- unfortunately it didn't fit in the machine though, so my garden resembled a chain saw massacre...
I used a large dustbin instead
10 days later i got the red stain off my hands..
Bit of a tedious job but it's pretty easy. Use any spare remnants (don't buy FQ (fat quarters) on ebay they are a right rip off!), old curtains etc will work just as well. Cut each into a triangle and just stitch round the edges. Stitch bias binding across the top leaving plenty at the ends to wrap around guy ropes etc.
You are not limited to just fabrics, transfers work well
Here is the alice bunting I made with a transfer (ebay again) A4 sheet of playing cards
Replacing Guy ropes
Not really glamping, but most of the bells come with rubbish nylon guy ropes and black plastic guys. I usually replace them with polyhemp rope and wooden sliders.
They also sell wooden dollys, pegs etc. Just makes it all look a lot chunkier and authentic.
Check how many you need but 20 sliders should give you a couple of spare on a 5m bell - approx 15 guy lines. You can't order online but Julie is pretty helpful by email: firstname.lastname@example.org
I ordered the 100mm with 8mm hole sliders.
You need about 2-3m per guyline, add an extra 1m for each of the front guys - I ordered the 6mm polyhempex rope from Timko.
Look at getting about 50m for a 5m bell - its more annoying falling short and paying another lot of postage - any spare always comes in handy
These are also excellent quality if you don't want to make your own rope and sliders: http://www.diejurte.com/product/5-m-hemp-guy-rope-with-stay/
Knitting or corcheting a huge blanket is useful as well. Gives the whole tent a focus and practical for the cold nights. The first bell tent project I ever did was knit this over the winter. All squares were done individually and personalised with family members initials, and pictures of things I like. The back was just lined with a double sized red sheet, to hide all my knots and scraggy ends.
I took the basics from More Blankets & Throws by Debbie Abrahams, size of the squares etc and a few of the pics are good. The rest were just doodles I drew on graph paper.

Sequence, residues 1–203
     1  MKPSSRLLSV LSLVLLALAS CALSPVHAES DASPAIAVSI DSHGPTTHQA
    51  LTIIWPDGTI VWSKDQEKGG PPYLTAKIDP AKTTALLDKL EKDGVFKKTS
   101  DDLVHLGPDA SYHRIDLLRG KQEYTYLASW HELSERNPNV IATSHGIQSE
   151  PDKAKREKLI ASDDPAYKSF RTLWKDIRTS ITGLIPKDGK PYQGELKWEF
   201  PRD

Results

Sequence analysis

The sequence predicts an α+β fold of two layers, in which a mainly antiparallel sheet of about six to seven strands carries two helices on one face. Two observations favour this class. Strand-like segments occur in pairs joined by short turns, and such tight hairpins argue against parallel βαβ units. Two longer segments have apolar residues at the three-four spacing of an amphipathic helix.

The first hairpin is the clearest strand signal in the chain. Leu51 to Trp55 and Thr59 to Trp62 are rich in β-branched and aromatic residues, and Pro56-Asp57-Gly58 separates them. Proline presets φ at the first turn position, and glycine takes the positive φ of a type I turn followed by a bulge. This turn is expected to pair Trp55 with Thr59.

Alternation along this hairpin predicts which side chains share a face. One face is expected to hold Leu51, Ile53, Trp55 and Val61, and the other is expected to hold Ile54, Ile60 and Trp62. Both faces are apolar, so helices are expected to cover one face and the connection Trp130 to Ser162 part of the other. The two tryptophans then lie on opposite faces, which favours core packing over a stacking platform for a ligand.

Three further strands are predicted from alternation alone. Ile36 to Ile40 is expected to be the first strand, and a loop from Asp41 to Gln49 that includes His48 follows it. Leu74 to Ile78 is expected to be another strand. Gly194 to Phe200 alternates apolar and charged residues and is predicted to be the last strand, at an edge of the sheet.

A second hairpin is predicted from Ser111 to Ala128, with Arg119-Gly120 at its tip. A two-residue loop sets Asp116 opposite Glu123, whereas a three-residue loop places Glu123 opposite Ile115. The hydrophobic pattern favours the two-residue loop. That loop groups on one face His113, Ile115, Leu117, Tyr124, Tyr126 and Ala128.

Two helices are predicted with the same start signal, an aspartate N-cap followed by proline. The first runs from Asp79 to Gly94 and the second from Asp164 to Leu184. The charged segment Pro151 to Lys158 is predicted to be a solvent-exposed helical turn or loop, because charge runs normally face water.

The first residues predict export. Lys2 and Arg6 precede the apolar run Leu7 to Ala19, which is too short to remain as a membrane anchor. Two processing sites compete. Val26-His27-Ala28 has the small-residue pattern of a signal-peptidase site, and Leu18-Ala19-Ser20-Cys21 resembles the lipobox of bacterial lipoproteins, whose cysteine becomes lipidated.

A new hobby in the last 12 months - a bit of crochet..!
I appear to be better at circles than squares, so a circular blanket was an obvious choice
The circle was a bit hit and miss and made up, but there are loads of tutorials with advise on how to crochet a round.
The stitch types were loosely based on this tutorial http://notyouraveragecrochet.com/as-we-go-stripey-blanket/
And the pompom edging was taken from here (I'm a bit obsessed with pompom edging...)
Loads more pics of the finished blanket in this blog page
It's easy to 'tart' up the camping cupboards as well. Stick or stitch simple applique patterns (easy to cut a flower out of fabric) onto them, they look a lot less boring
A DIY painted table.....
Bell tent clamp table
You buy this 'unfinished' with a plain mdf top which works out the cheapest option. Then just let loose with your own paint and design (you can get the laminated white version if you dont want to personalise it)
read more here
Very easy to make up on the sewing machine in about 10 minutes
So from this horrible lot....
To a nice matching set (which is a lot roomier so no fights to get it in the bag) - using an old wardrobe cover cut into a large rectangle and some piping cord from dunelm mill
Replacement wooden bell tent poles
Latest project was to shabby chic an old table - more details here
Another re-vamp. Steamer trunk